Abstract T P314: Higher Modified Graeb Scores May Predict Early Fever In Patients With Spontaneous Intracranial Hemorrhage
Introduction: Both Intraventricular hemorrhage (IVH) and fever after spontaneous intracranial hemorrhage (ICH) have been consistently associated with poor outcomes. Additionally, IVH is an independent risk factor for fever after hemorrhagic stroke (ICH), but it is not known if the degree of intraventricular hemorrhage is predictive of fever. We hypothesized that the extent of intraventricular hemorrhage, defined by modified Graeb score, is associated with intensity of fever.
Methods: We performed a single center, retrospective review of consecutively admitted adult patients with spontaneous ICH from April 2008 through June 2009. Patients were divided into two groups; those who registered a temperature of 38.5°C at least once during the first 48 hours of their hospitalization (“Early fever”) and those who did not (“No fever”). The degree of IVH was quantified by the Graeb score. Group comparisons were made using a student’s t-test for parametric data and a rank sum test for non-parametric data. Simple linear regression was performed to investigate the relationship between maximum temperature within the first 48 hours (Tmax) and Graeb score.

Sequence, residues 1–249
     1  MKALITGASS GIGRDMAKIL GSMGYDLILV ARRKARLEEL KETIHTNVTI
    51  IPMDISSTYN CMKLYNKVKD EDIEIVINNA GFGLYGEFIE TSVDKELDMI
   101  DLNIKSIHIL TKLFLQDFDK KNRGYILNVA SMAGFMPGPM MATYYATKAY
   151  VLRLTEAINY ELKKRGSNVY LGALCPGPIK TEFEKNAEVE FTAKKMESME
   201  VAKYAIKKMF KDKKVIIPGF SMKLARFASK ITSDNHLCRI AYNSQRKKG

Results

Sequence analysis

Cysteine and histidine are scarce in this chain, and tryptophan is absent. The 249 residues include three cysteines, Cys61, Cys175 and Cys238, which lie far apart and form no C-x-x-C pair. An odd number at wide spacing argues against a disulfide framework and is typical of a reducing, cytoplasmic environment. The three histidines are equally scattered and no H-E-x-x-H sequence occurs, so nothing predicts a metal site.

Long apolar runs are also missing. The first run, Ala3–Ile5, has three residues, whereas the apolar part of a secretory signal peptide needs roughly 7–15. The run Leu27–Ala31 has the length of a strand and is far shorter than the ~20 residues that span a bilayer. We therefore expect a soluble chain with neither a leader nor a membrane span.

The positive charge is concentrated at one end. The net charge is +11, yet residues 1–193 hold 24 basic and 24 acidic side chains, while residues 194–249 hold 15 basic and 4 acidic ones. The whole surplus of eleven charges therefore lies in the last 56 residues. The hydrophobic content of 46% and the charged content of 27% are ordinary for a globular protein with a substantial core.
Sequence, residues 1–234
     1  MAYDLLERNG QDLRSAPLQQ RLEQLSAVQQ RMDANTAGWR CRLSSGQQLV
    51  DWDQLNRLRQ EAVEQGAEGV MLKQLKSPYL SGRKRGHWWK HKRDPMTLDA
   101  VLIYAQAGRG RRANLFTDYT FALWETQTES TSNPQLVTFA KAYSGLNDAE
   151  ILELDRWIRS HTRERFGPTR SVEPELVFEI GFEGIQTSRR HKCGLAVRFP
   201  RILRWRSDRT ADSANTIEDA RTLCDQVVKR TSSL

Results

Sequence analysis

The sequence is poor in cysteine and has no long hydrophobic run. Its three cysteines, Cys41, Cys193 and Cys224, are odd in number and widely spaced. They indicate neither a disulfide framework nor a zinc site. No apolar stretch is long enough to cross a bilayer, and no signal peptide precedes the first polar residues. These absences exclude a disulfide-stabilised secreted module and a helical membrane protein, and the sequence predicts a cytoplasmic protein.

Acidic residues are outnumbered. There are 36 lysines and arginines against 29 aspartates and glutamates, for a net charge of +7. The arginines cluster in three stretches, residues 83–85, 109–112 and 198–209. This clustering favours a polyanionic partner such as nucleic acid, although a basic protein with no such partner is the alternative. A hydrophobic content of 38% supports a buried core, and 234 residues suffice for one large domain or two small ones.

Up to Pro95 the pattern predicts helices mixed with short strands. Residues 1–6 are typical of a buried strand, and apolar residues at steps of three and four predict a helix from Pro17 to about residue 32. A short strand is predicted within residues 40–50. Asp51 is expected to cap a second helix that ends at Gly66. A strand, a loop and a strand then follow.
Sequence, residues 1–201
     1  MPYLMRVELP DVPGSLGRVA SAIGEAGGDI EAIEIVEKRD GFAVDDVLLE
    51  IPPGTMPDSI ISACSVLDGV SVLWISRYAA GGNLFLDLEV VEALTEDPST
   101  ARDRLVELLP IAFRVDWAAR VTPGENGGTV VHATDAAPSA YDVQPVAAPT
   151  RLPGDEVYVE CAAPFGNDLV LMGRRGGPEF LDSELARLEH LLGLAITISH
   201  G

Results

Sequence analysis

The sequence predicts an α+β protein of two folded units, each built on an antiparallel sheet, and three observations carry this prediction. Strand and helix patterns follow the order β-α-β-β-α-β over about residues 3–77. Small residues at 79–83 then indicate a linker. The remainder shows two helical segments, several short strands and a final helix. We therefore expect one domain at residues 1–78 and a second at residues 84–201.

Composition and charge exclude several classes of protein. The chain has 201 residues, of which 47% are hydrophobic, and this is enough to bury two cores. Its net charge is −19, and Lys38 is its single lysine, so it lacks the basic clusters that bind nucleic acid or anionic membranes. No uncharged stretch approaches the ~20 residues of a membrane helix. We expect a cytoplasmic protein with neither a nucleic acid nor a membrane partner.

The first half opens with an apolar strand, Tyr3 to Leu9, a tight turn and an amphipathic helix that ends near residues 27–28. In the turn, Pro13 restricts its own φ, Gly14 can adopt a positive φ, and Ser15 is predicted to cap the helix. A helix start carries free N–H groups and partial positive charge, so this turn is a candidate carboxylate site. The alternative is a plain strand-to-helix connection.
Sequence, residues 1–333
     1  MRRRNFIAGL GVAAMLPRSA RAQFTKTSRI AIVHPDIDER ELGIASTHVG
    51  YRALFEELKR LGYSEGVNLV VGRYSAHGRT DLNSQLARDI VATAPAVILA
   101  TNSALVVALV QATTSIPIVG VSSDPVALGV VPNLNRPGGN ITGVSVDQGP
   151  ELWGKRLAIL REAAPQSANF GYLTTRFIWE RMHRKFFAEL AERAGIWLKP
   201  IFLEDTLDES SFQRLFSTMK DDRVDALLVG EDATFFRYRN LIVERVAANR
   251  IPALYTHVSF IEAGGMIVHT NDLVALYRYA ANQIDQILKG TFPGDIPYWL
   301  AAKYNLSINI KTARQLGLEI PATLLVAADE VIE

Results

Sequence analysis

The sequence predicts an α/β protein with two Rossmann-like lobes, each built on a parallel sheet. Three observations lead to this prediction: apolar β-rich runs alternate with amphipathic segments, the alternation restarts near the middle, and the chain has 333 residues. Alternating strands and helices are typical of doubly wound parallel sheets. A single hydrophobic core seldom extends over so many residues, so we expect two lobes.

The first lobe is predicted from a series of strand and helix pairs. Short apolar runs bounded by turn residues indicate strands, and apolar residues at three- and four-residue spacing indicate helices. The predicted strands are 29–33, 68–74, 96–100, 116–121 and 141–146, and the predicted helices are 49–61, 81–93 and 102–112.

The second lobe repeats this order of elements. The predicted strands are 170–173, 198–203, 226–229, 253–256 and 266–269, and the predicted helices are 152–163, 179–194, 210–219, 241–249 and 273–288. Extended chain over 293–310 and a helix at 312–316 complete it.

Results: Of the 90 patients identified, 20% exhibited early fever. Age and intraparenchymal bleed volume were similar between groups. There was a trend toward more IVH in the febrile group (50% v. 30%, P=0.13), but this did not meet significance. Patients with early fever, however, had higher admission ICH scores (2 [0-2] vs. 1 [1-3], P = 0.01) and modified Graeb scores (1 [0-2] vs. 0 [0-13], P = 0.05). Patients with early fever had a worse GOSE at discharge than those without early fever (3[2-3] v. 3 [3-3], P=0.02). Amongst patients with IVH (n=28), the Graeb score was predictive of the Tmax (t=2.55. CI 0.01-0.08, P=0.02)
Conclusion: Early fever in ICH is associated with worse outcomes at discharge. Increasing IVH, as reflected by increasing Graeb scores, is associated with higher temperatures in the first 48 hours of admission after ICH, suggesting early fever may be dose-dependent on the degree of IVH.
Author Disclosures: C.E. Takahashi: None. H.E. Hinson: Research Grant; Modest; Award Number 5K12HL108974-04 from the National Heart, Lung, and Blood Institute.
- © 2015 by American Heart Association, Inc.